I have a SQL table of data with the following structure :
CREATE TABLE Data( Id uniqueidentifier NOT NULL, Date datetime NOT NULL, Value decimal(20, 10) NULL, RV timestamp NOT NULL, CONSTRAINT PK_Data PRIMARY KEY CLUSTERED (Id, Date) )
The number of distinct Ids ranges from 3000 to 50000.
The size of the table varies up to over a billion rows.
One Id can cover between a few rows up to 5% of the table.
The single most executed query on this table is :
SELECT Id, Date, Value, RV FROM Data WHERE Id = @Id AND Date Between @StartDate AND @StopDate
I now have to implement incremental retrieval of data on a subset of Ids, including updates.
I then used a request scheme in which the caller provide a specific rowversion, retrieve a block of data and use the maximum rowversion value of the returned data for the subsequent call.
I have written this procedure :
CREATE TYPE guid_list_tbltype AS TABLE (Id uniqueidentifier not null primary key)
CREATE PROCEDURE GetData @Ids guid_list_tbltype READONLY, @Cursor rowversion, @MaxRows int AS BEGIN SELECT A.* FROM ( SELECT Data.Id, Date, Value, RV, ROW_NUMBER() OVER (ORDER BY RV) AS RN FROM Data inner join (SELECT Id FROM @Ids) Ids ON Ids.Id = Data.Id WHERE RV > @Cursor ) A WHERE RN <= @MaxRows END
@MaxRows will range between 500,000 and 2,000,000 depending on how chunked the client will want his data.
I have tried different approaches :
- Indexing on (Id, RV) :
CREATE NONCLUSTERED INDEX IDX_IDRV ON Data(Id, RV) INCLUDE(Date, Value);
Using the index, the query seek the rows where
RV = @Cursor for each
@Ids, read the following rows then merge the result and sort.
Efficiency then depends on the relative position of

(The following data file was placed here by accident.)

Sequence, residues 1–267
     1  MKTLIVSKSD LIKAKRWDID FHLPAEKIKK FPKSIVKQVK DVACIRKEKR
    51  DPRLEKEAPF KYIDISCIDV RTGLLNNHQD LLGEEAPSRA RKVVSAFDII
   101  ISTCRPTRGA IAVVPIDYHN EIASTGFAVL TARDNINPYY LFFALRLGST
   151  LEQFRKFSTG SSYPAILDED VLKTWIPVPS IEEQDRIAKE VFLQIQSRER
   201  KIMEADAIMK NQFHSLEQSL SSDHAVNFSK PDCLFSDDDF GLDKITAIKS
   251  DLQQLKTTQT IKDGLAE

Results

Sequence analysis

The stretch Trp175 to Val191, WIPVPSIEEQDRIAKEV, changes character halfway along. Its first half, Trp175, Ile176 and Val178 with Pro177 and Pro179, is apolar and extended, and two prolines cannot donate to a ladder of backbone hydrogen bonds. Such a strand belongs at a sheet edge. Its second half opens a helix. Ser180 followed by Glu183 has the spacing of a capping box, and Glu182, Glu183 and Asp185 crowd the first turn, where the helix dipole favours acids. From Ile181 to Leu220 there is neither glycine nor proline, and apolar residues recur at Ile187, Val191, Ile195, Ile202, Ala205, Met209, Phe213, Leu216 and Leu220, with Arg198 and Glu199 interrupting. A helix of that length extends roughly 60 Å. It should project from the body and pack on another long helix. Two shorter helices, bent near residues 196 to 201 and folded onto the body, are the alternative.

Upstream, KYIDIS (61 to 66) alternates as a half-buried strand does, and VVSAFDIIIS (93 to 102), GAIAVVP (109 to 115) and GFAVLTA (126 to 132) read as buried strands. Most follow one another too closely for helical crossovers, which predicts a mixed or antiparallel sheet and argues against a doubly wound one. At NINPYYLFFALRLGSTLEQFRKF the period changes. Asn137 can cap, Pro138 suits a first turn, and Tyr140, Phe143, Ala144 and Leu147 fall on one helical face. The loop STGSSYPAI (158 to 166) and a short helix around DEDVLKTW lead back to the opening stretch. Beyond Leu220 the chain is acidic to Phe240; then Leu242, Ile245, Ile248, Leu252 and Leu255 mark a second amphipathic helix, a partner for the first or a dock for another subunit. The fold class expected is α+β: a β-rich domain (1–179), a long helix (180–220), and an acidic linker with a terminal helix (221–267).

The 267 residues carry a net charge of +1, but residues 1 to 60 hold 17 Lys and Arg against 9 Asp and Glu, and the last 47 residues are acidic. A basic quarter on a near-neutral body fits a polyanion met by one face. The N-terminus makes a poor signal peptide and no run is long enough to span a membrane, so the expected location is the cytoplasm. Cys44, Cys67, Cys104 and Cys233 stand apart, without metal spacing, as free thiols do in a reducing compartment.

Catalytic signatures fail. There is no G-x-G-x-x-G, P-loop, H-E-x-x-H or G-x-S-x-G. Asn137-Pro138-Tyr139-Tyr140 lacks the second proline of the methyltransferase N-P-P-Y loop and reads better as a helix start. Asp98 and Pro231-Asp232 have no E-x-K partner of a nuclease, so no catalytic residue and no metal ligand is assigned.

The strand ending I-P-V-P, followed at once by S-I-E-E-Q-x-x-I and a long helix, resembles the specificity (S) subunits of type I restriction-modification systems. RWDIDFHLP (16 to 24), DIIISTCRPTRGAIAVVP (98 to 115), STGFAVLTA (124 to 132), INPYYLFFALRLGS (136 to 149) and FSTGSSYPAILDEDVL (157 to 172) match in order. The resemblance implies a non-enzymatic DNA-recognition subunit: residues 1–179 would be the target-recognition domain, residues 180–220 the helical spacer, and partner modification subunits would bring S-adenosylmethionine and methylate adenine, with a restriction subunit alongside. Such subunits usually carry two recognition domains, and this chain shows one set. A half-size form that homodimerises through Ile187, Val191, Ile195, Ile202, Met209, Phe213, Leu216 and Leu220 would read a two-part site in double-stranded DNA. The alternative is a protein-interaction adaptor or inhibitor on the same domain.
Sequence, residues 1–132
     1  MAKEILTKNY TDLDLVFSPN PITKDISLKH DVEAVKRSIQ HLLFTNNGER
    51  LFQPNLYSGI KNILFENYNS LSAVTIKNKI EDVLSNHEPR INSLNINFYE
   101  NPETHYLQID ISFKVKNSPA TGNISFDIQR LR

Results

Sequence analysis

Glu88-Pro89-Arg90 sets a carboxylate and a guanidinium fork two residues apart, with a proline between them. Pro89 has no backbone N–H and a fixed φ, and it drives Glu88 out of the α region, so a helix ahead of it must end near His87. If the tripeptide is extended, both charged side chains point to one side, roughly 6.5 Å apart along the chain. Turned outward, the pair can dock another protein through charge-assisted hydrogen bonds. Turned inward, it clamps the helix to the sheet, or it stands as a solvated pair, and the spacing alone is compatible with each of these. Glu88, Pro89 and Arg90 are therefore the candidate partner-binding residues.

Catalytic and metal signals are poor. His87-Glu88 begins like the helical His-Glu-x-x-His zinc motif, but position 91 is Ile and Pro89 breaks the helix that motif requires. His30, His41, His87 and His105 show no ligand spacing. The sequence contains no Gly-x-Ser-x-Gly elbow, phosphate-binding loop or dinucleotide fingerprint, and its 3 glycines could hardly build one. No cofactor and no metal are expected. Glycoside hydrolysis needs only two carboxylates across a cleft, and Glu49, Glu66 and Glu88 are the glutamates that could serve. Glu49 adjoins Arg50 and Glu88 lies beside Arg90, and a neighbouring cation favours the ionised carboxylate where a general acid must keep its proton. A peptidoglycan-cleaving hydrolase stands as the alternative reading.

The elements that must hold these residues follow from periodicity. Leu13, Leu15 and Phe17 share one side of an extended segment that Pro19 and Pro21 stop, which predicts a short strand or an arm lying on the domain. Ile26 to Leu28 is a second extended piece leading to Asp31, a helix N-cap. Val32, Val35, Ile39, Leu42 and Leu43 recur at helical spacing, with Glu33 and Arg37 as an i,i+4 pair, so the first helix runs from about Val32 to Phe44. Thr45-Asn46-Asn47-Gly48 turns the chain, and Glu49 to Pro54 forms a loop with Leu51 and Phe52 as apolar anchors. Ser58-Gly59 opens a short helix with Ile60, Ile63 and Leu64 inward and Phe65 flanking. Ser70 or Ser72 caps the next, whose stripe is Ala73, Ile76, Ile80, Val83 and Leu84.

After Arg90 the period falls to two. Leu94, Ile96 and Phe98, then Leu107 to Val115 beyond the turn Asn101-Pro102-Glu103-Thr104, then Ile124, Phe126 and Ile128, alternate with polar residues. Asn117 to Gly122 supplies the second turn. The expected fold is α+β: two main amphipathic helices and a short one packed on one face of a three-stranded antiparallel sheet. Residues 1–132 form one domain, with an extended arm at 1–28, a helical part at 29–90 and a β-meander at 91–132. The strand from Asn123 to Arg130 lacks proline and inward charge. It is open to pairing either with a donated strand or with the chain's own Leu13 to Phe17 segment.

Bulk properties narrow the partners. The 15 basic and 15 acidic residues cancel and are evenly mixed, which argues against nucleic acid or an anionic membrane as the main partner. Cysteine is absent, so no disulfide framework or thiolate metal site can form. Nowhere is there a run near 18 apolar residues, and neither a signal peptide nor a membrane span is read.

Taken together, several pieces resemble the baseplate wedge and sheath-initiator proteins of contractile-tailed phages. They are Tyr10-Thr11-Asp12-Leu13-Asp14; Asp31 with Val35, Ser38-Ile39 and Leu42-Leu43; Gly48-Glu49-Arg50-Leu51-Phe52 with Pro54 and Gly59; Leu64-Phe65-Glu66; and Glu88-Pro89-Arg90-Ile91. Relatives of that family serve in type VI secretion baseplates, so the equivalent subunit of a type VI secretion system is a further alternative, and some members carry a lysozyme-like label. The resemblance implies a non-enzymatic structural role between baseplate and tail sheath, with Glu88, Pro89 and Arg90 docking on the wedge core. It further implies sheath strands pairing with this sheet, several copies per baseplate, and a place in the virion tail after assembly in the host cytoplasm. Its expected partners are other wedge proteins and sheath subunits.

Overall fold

If it is close to the end of data (ordered by RV) the query is instantaneous and if not the query can take up to minutes (never let it run to the end).
the problem with this approach is that
@Cursor is either near the end of data and the sort isn't painful (not even needed if the query return less rows than
@MaxRows) either it is further behind and the query has to sort
@MaxRows * LEN(@Ids) rows.
- Indexing on RV :
CREATE NONCLUSTERED INDEX IDX_RV ON Data(RV) INCLUDE(Id, Date, Value);
Using the index, the query seek the row where
RV = @Cursor then read every row discarding the non-requested Ids until it reaches
Efficiency then depends on the % of requested Ids (
LEN(@Ids) / COUNT(DISTINCT Id)) and their distribution.
More requested Id % means less discarded rows which means more efficient reads, less requested Id % means more discarded rows which means more reads for the same amount of resulting rows.
The problem with this approach is that if the requested Ids contains only a few elements, it might have to read the whole index to get the desired rows.
- Using Filtered index or indexed views
CREATE NONCLUSTERED INDEX IDX_RVClient1 ON Data(Id, RV) INCLUDE(Date, Value) WHERE Id IN (/* list of Ids for specific client*/);
CREATE VIEW vDataClient1 WITH SCHEMABINDING AS SELECT Id, Date, Value, RV FROM dbo.Data WHERE Id IN (/* list of Ids for specific client*/)
CREATE UNIQUE CLUSTERED INDEX IDX_IDRV ON vDataClient1(Id, Rv);
This method allows for perfectly efficient indexing and query execution plans but come with disadvantages : 1. Practically, I will have to implement dynamic SQL to create the indexes or views and modify the requesting procedure to use the right index or view. 2. I will have to maintain one index or view by existing client, including storage. 3. Every time a client will have to modify his list of requested Ids, I will have to drop the index or view and recreate it.
I can't seem to find a method that will suit my needs.
I'm looking for better ideas to implement incremental data retrieval. Those ideas could imply reworking the requesting scheme or the database schema although I'd prefer a better indexing approach if there is one.